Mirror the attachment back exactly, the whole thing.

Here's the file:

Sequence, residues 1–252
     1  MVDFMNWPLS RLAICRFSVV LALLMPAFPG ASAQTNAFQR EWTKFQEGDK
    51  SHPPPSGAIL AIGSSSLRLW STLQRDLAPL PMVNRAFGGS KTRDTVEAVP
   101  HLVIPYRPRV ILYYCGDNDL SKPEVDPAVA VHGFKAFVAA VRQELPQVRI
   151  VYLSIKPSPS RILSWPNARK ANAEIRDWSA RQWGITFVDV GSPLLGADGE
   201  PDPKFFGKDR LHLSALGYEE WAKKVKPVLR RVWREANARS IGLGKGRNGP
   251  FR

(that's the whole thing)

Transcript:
Sequence, residues 1–252
     1  MVDFMNWPLS RLAICRFSVV LALLMPAFPG ASAQTNAFQR EWTKFQEGDK
    51  SHPPPSGAIL AIGSSSLRLW STLQRDLAPL PMVNRAFGGS KTRDTVEAVP
   101  HLVIPYRPRV ILYYCGDNDL SKPEVDPAVA VHGFKAFVAA VRQELPQVRI
   151  VYLSIKPSPS RILSWPNARK ANAEIRDWSA RQWGITFVDV GSPLLGADGE
   201  PDPKFFGKDR LHLSALGYEE WAKKVKPVLR RVWREANARS IGLGKGRNGP
   251  FR